But Temple’s liner on Podres’ second pitch of the at-bat severed Podres’ chance at joining this trio and a list also including Dodgers Ed Head, Tex Carleton, Dazzy Vance, Rex Barney, and Carl Erskine. When the southpaw hit the next batter, Aspromonte, Dodgers manager Walter Alston turned to Larry Sherry. The right-handed reliever secured the win by retiring the next three batters, Warwick, Wynn, and Bateman.
Though the 1963 Colt .45s didn’t have any batters ending the season with averages higher than Spangler’s .281, the 33-year-old Temple went over .300 in May. National League pitchers got pounded by the veteran, who had a 14-for-33 output over an eight-game stretch.4 But the base hit on the night of August 4 had more import, perhaps, because it gave Colt .45s fans a slice of pride in preventing a complete blanking.
There had been a slight doubt whether Temple was going to play baseball in 1963. During the previous season, he told the Houston Chronicle: “I love this game, but it’s a grind for me now. I’ve slowed up just as much as any guy my age would. … [H]owever, I’m still faster than most of the players around today.”5 But Temple may have just been blowing off steam rather than making a declaration. His biographer, William A. Cook, noted that the Chronicle also mentioned Temple putting the odds of donning a uniform for 1963 at 90-10.6
What often hovered over the second baseman was not his résumé — including four All-Star Games — but his temper. There were three arguments with umpires resulting in fines by July.7 Plus, mentioning Temple’s hotheadedness without Earl Lawson was like eating peanut butter without jelly. In 1957, during his first tenure with the Reds, Temple assaulted the sportswriter and scorer after a 3-2 loss to the Pirates on June 21; Lawson had recorded that Temple made an error, which allowed Hank Foiles to get on base. A $100 fine and an apology resulted.8 Temple and Reds coach Reggie Otero got in a clubhouse fight in 1964, leading to Temple’s exit from Cincinnati after playing in six games for his old ballclub. It was also the end of his playing career.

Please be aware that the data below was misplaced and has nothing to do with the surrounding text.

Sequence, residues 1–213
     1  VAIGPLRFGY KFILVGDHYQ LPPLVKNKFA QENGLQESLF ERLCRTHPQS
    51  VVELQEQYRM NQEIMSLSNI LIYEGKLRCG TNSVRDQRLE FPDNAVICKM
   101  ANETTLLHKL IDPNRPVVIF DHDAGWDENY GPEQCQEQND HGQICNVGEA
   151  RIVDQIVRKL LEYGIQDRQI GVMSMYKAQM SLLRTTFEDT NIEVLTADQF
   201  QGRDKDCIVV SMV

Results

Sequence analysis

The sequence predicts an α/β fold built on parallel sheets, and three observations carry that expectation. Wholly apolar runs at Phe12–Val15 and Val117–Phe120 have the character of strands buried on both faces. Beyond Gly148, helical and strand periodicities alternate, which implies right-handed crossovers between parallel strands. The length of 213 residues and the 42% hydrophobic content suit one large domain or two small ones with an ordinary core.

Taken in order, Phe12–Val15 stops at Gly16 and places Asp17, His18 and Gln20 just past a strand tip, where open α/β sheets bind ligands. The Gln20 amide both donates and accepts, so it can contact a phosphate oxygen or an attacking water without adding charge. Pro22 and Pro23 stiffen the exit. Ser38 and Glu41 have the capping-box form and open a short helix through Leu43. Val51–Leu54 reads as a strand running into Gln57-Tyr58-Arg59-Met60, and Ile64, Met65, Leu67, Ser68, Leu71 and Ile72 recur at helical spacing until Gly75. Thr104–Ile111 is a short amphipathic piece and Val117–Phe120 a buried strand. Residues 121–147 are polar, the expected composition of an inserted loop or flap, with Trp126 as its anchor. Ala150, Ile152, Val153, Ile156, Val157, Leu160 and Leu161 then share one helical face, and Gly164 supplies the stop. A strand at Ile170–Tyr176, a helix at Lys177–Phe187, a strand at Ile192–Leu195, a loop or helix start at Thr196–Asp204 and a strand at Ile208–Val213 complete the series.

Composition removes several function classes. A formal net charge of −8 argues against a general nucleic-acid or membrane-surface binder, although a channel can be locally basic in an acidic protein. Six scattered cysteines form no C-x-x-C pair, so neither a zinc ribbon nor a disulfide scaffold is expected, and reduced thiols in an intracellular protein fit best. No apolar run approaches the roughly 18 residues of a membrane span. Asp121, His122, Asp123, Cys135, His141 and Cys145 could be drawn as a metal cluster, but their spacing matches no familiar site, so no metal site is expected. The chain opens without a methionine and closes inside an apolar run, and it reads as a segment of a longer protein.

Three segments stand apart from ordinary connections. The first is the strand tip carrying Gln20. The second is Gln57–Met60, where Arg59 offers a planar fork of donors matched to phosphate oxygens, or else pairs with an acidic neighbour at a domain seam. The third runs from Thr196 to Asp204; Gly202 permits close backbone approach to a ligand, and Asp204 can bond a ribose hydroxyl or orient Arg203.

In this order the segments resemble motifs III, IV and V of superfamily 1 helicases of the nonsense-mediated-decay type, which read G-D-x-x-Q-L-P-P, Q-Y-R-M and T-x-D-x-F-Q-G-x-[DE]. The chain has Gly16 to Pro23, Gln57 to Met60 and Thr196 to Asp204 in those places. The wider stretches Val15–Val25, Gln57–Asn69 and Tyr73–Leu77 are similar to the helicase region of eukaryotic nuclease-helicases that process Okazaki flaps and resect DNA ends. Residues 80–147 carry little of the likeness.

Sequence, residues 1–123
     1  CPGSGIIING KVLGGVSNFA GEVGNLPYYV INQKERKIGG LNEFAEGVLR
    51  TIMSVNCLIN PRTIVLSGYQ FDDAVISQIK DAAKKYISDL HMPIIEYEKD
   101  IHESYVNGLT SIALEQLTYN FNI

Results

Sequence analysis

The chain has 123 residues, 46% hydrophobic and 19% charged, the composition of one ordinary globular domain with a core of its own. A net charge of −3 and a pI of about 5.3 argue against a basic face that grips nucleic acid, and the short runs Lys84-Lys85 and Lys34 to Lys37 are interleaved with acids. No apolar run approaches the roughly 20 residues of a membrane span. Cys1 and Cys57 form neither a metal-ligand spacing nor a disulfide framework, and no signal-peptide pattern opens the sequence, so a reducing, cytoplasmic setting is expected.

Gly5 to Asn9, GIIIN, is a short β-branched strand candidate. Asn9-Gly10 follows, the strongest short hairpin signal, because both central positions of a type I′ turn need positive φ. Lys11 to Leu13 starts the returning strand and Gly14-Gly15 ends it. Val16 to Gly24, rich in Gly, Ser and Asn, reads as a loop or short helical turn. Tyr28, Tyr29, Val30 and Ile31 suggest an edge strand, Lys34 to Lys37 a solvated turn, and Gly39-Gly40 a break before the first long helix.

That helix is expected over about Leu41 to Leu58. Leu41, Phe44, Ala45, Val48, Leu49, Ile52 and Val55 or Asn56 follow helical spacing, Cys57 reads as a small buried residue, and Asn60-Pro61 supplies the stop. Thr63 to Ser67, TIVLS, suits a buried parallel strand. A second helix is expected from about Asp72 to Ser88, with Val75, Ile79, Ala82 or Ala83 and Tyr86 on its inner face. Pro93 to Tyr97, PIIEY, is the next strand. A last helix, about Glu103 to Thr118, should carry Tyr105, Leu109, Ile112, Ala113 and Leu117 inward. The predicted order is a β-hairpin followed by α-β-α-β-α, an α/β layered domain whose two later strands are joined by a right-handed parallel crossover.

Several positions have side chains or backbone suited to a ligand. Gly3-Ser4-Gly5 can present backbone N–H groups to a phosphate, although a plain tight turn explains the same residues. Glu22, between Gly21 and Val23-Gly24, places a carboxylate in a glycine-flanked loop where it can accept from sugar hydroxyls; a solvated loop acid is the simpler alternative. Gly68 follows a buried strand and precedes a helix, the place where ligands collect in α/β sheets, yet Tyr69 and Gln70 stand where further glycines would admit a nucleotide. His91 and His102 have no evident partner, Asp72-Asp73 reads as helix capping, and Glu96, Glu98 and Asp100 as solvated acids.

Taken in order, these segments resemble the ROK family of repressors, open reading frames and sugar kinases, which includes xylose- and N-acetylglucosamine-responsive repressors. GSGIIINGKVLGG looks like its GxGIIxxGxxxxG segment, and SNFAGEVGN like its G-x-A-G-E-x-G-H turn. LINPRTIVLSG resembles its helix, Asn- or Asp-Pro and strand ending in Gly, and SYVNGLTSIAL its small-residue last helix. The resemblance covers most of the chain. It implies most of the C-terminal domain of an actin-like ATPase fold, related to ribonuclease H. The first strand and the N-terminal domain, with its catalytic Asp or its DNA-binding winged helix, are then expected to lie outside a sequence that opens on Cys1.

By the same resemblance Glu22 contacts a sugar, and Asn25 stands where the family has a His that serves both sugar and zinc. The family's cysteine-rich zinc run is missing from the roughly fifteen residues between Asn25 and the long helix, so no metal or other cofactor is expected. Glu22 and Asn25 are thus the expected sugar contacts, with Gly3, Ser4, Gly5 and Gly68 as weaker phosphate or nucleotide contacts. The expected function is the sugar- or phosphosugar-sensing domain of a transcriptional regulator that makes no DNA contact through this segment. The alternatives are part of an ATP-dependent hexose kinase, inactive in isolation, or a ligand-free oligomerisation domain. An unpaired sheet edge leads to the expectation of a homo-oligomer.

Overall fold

After losing his no-hitter, Podres explained his strategy against the fiery infielder: “He was crowding the plate so I came next with a curve inside. I wanted him to pull it down to Maury (Wills). But he’s smart and he went with it to the opposite field just like he was trying to do. I don’t think Marv (Breeding) missed it by more than five inches.”9
He also revealed that his energy level had fallen. “I was plenty pooped in the ninth,” said the lefty. “I had to run the bases in the seventh (when he hit a two-run double), and needed oxygen after I came back to the bench.”10
In addition to Podres’ exemplary display on the mound, the Dodgers celebrated Roseboro’s outstanding 3-for-5 hitting performance. Gilliam, too, was impressive with a 2-for-4 output.
The author used Baseball-Reference and retrosheet.org for box scores and play-by-play information:
1 Koufax ultimately threw the first four no-hitters for the Los Angeles Dodgers. Bill Singer’s July 1970 no-hitter against the Philadelphia Phillies was the first by a Los Angeles pitcher besides Koufax.
2 Associated Press, “Podres 1-Hits Colts for 8, Gets Win,” San Bernardino County (California) Sun, August 5, 1963: 6.
3 Mickey Herskowitz, “Bateman, Spangler Make Sharp Report in .45s’ Popgun Attack,” The Sporting News, August 31, 1963: 11.
4 Mickey Herskowitz, “Blasts by Warwick, Temple Soften Foes for Assault by .45s,” The Sporting News, June 1, 1963: 8.
5 William A. Cook, “Johnny Temple: All-Star Second Baseman” (Jefferson, North Carolina: McFarland and Company, 2016), 143, quoting “Temple Says This Season His Finale,” Houston Chronicle, August 15, 1962: 7, 3.
6 Cook, citing Houston Chronicle.
7 Cook, citing “Temple Fined Third Time,” source unknown, Johnny Temple file, Giamatti Research Center, National Baseball Hall of Fame and Museum, Cooperstown, New York.
8 “One Error Brings on Another — Temple Takes Sock at Scorer,” The Sporting News, July 3, 1957: 6.
9 Associated Press, “Podres Says He Pitched ‘Greatest,’” San Pedro (California) News-Pilot, August 5, 1963: 9.
10 Frank Finch, “Podres’ No-Hitter Spoiled in Ninth,” Los Angeles Times, August 5, 1963: 37.